By Seth Maloney | 0 comments
When Governor Perry originally called for a special session of the state legislature, it wasn't about abortion. Instead, it was about redistricting. A special session does play by different rules though, and GOP lawmakers went on the attack.
Timeline, and just what happened:
- Perry calls for a special session after the Texas redistricting proposal is shot down by Washington for racial discrimination.
- With two weeks remaining in the session, anti-abortion legislation is proposed.
- Democrats are locked out of the amendment process
- This even makes it difficult to add an exception for rape and incest. No, really, Texas lawmakers are actually clueless about the issue.
- Facing defeat, House Democrats in Texas sought to use parliamentary moves to delay the bill, pointing out flaws in paperwork and even showing up late to debates.
- The House passes the bill, and now Senate Democrats are moving to filibuster.
What's in the bill:
- New rules on how abortion providers can run clinics, which would ultimately close down 37 out of 42 clinics across the state, leaving much of the state without coverage.
- Chiefly that abortion providers must have privileges at a local hospital - something many hospitals restrict for religious reasons or to avoid protests and controversy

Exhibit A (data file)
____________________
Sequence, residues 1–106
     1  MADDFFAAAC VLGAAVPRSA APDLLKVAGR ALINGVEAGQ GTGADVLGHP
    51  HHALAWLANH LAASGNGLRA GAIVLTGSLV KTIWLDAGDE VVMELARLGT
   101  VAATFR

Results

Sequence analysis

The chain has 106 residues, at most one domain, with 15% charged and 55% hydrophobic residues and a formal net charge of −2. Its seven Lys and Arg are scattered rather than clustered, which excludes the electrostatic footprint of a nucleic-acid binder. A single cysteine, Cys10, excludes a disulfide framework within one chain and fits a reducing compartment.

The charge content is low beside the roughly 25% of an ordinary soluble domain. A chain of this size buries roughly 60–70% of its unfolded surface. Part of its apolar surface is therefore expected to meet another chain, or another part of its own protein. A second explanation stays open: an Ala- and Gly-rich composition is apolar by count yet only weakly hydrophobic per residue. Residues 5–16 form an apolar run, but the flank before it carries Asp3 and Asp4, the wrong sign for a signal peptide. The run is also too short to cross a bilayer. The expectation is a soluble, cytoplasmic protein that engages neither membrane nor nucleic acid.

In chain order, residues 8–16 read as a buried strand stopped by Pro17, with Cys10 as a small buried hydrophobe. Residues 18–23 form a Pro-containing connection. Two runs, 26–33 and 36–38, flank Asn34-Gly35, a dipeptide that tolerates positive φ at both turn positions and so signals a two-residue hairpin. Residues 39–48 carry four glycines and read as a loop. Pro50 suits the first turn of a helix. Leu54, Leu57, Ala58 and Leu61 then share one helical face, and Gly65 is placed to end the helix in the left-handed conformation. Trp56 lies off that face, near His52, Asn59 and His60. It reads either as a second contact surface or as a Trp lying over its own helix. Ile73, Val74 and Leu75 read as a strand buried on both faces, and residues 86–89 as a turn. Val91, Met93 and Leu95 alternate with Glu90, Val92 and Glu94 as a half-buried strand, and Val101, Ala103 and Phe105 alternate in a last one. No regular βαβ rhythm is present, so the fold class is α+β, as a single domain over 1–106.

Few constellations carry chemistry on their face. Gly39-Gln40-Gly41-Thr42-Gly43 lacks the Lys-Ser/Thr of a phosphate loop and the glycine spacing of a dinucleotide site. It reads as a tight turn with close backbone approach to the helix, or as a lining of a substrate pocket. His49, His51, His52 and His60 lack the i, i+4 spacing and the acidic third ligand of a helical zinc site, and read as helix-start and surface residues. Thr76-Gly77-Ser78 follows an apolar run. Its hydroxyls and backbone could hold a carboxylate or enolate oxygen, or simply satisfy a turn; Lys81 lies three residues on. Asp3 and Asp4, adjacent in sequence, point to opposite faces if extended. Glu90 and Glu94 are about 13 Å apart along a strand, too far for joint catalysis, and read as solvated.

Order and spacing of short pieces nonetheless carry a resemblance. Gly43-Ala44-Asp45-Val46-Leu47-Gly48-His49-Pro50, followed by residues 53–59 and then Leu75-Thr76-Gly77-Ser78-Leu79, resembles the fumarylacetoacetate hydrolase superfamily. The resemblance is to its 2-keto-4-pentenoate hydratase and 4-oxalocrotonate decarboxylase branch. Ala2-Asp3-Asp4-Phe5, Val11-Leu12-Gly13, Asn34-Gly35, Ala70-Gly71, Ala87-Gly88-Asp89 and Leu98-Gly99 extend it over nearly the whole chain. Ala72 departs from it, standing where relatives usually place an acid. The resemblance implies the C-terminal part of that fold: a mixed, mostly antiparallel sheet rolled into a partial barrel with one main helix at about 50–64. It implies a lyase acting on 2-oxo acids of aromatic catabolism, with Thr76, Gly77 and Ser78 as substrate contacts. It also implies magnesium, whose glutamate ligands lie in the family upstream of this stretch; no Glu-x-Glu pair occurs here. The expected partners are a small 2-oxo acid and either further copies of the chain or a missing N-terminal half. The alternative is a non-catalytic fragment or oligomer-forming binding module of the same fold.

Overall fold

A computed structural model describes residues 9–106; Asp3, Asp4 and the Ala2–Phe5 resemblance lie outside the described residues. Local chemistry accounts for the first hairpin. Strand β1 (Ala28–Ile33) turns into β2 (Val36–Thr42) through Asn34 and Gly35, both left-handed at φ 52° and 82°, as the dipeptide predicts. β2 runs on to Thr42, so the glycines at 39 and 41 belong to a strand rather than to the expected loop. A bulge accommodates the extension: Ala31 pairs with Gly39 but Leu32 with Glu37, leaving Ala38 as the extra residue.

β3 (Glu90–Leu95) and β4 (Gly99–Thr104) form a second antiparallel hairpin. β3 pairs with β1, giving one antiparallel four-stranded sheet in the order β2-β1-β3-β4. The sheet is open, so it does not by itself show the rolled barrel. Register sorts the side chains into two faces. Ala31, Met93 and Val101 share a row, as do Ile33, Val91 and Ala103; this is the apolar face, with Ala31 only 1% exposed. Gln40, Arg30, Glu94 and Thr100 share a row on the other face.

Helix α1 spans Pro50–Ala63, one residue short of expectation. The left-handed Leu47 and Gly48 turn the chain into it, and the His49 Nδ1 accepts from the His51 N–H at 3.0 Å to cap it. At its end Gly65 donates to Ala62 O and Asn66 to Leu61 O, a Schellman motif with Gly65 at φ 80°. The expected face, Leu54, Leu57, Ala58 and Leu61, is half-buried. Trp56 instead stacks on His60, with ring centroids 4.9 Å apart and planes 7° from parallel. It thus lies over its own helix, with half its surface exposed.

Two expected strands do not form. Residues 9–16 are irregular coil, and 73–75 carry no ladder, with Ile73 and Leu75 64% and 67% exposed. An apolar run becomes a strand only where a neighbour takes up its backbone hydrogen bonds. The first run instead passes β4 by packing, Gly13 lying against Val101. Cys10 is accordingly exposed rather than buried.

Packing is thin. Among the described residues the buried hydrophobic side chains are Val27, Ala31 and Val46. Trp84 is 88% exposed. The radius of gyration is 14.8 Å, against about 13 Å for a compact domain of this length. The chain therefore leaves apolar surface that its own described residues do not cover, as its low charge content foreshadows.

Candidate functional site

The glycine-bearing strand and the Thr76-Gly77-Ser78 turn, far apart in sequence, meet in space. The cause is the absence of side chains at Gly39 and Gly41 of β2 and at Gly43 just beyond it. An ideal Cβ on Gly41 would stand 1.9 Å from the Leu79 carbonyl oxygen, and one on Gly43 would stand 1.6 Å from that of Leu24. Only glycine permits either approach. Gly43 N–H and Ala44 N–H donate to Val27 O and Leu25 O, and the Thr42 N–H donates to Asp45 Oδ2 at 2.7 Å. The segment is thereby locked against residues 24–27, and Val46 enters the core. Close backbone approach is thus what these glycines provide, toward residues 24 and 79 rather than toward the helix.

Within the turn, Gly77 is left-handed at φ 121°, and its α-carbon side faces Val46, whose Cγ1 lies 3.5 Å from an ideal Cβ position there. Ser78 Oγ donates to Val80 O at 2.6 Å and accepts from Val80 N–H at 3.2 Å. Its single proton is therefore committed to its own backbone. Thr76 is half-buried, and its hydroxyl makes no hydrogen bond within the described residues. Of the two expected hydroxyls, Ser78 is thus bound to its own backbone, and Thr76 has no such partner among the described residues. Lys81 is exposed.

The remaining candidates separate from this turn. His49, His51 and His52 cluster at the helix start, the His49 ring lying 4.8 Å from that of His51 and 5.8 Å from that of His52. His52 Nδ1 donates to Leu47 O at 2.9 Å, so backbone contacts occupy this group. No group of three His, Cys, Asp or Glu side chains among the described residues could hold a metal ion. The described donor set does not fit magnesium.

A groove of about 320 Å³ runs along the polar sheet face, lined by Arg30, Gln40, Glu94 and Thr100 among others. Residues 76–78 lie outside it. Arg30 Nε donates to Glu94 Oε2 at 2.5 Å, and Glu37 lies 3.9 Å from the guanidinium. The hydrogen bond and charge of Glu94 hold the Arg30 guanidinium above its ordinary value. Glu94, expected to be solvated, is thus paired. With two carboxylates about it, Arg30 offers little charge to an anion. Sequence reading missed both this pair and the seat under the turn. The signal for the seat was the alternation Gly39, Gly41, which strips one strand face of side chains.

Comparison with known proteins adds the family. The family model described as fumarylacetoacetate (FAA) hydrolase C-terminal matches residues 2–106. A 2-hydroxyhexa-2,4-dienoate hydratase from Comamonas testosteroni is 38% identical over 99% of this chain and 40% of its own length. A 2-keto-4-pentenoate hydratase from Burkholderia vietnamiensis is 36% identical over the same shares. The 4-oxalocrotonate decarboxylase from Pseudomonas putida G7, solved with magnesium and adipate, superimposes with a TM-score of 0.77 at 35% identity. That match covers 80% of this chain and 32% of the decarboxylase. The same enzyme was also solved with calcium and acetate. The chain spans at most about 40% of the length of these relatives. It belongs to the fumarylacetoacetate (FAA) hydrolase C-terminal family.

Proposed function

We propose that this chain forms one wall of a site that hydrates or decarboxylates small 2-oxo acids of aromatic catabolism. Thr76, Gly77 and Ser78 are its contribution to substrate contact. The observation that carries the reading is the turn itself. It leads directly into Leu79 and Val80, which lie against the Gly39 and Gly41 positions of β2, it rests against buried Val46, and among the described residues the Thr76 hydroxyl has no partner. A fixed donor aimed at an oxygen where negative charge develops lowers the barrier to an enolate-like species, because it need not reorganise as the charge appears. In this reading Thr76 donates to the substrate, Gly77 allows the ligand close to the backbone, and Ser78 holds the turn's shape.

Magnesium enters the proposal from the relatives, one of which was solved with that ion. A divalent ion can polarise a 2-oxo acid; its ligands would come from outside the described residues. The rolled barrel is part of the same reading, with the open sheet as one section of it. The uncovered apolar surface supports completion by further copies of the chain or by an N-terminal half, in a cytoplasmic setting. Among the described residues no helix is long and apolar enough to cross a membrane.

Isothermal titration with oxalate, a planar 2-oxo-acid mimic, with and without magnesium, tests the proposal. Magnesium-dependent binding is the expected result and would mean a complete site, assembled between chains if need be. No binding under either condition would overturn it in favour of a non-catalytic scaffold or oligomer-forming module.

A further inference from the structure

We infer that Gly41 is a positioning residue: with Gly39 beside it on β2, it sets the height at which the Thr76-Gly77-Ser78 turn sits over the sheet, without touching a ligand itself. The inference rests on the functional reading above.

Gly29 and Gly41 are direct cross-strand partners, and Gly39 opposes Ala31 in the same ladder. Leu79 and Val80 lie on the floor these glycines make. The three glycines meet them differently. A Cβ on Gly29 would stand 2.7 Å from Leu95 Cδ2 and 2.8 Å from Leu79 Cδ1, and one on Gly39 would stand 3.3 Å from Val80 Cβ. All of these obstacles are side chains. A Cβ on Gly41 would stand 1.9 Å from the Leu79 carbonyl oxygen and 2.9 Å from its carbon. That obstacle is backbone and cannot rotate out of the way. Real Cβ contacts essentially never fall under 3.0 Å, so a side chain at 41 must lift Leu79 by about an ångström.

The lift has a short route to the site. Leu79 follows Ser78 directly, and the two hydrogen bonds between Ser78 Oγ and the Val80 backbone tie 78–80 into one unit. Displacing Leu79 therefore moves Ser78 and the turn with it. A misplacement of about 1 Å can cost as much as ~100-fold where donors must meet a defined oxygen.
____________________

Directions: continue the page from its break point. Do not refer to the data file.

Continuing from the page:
- No, it's not an accident that this tactic is exploited
- A ban after 20 weeks, which is a move seen in 8 other states (notably, North Dakota put in a ban after 12 weeks - a move currently facing the courts)
Just how uninformed are Texas lawmakers?To find out, just check out this quote:
The bill's sponsor, Rep. Jody Laubenberg, R-Parker, faced pointed questioning from Democrats opposing the bill. She opposed amendments to makes exceptions for victims of rape or incest and to rely on the latest, peer-reviewed medical studies for making legal decisions.
"The woman had five months to make that decision, at this point we are looking at a baby that is very far along in its development," Laubenberg said in rejecting new exceptions to the measure. "What I would like to do is raise the standard. You have clinics that are out there already at that standard of care and all I'm asking is that we raise the others to that level." (Source)
No, really, the bill's sponsor believes that rape kits are a form of abortion.
The GOP's War on Women only seems to be getting started. The moves in Texas come right off the heels of the explosive Senate debate in Wisconsin, and the extreme bill just passed by the House of Representatives.
Commenting on this post has been closed.
No one has commented yet! Why not be the first?